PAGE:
Donauwörth is a historic town on the strategically-important junction of the Danube and Wörnitz rivers.
As might be expected from a history rich in religious conflicts and with its status as a "free Imperial city", there is plenty to see in the town.
More information about getting to Donauwörth, as well as a selection
of hotel accommodation can be found on our Donauwörth
Donauwörth Hotels & Travel
Legend has it that Donauwörth was originally founded by two fishermen on the Ried island (which is just to the south of the historic centre in the River Wörnitz).
As important probably was the fact that the island narrowed the Wörnitz into two channels that could be more easily bridged and in early days fords or bridges were strategically important locations where settlements could grow.
These days the island itself is a pleasant area outside the main town centre which houses cafés and the local museum, which concentrates on the history of the inahbitants in the 1800s.
The centre of Donauwörth is reached through one of what was originally four massive town entrances - the Rieder Tor. (This particular tower and gateway has been restored after damage over the centuries.) Another remaining smaller tower can just about be seen in the picture at the top of the page, which shows the present channel and the exterior of what remains of the town wall.
Donauwörth was granted town rights as early as the 12th century and was a free Imperial city for some of its history. It was fortified for a reason - as the location of one of the important crossings of the Danube - and was heavily involved in the religious wars of the Reformation and Counter-Reformation, as well as the campaigns of the War of the Spanish Succession.
The defeat of the Bavarian forces at a battle near Donauwörth led to the city losing its privileges as an independent town.
Later on the area was invaded by French troops under Napoleon until finally a period of relative peace and prosperity followed in the later 19th century, accompanied by the official grant of township and connection to the railway network.
The narrow streets of the town were finally freed from the traffic on the north-south route along the Wörnitz by the construction of a road tunnel under the castle hill.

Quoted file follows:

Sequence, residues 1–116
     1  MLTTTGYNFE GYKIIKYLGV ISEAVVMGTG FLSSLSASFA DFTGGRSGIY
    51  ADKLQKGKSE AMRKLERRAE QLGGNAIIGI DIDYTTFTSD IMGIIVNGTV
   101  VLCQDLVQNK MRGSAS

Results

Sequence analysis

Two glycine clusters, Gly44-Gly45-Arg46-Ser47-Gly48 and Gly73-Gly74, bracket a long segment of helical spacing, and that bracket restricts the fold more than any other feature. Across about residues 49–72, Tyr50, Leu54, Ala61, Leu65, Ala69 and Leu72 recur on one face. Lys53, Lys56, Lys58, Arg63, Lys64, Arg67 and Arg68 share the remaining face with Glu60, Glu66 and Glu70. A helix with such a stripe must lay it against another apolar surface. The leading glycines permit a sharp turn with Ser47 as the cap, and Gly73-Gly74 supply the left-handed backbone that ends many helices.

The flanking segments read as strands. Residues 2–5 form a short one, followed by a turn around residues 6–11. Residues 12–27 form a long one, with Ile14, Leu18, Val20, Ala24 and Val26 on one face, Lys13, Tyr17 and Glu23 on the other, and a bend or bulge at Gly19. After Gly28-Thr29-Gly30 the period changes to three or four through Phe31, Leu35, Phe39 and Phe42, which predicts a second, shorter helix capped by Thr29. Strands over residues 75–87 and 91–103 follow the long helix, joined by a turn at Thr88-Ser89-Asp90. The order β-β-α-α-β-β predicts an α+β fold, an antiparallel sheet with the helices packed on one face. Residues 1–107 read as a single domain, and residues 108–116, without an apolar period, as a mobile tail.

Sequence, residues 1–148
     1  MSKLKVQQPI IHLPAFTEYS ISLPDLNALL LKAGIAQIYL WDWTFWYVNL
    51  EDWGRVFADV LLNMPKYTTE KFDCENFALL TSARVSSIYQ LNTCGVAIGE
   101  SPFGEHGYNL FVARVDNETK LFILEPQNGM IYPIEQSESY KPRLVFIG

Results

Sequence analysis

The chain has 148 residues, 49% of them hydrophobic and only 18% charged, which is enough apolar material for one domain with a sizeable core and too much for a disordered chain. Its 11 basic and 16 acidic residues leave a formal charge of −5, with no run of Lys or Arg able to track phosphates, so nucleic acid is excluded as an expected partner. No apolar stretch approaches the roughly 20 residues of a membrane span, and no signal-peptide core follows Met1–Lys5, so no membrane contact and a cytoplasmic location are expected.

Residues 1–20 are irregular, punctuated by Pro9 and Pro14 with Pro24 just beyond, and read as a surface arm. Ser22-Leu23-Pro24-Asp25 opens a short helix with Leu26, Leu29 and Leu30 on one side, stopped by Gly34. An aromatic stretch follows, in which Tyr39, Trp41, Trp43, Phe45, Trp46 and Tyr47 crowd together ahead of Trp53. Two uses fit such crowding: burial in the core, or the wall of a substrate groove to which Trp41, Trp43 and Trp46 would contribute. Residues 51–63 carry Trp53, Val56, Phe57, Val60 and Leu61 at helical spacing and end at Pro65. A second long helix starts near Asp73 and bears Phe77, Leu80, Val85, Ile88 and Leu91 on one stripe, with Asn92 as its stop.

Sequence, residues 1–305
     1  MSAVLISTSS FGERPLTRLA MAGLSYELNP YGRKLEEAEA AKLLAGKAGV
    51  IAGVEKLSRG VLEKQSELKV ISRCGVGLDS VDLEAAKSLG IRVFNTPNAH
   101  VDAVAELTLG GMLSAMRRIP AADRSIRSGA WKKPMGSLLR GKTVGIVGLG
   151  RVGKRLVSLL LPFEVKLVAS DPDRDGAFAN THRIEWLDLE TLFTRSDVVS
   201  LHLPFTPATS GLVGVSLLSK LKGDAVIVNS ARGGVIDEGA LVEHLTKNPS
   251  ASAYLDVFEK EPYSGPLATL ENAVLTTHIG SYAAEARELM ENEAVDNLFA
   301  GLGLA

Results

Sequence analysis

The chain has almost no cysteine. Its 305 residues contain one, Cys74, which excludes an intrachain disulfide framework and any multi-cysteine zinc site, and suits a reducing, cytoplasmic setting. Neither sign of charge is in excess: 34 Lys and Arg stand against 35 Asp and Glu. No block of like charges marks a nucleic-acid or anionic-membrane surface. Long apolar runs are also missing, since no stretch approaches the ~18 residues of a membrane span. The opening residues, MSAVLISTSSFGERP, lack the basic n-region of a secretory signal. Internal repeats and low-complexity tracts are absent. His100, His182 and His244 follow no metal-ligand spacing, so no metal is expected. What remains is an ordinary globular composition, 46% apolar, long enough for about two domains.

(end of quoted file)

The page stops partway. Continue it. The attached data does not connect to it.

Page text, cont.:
The town centre is filled with historic buildings - although many have had to be renovated or restored. At the top of the hill is the Monastery of the Holy Cross, built in the 11th century to house an alleged piece of the original cross acquired during the Crusades.
The image at the top of this section is of the Fuggerhaus, which now houses the regional government and is considered a prime example of Renaissance architecture from the 16th century.
Slightly down the hill on the other side is the Gothic parish church - the Minster of Our Lady - from the 15th century. It is possible to climb the church tower in the summer months for a good view of Donauwörth and the surrounding countryside.
The main street down the hill is Reichsstrasse (Empire Street) - named because it was considered part of the Imperial route between the important cities of Nuremberg and Augsburg. Markets were held along this street and some of the oldest buildings in the town still line it.
At the bottom of the hill is the tourist information office in the historic town hall, the gateway to the Ried island and the former seat of one of the oldest sections of the Order of Teutonic Knights.
As well as the cultural museum on the island, Donauwörth has a town museum in the Rieder Tor, an archaelogical musum in Reichsstrasse, and a doll museum, which features the work of Käthe Kruse - an actress and dollmaker whose dolls were tremendously popular in Germany in the early 20th century and are now collectors' items (they are still produced in Donauwörth).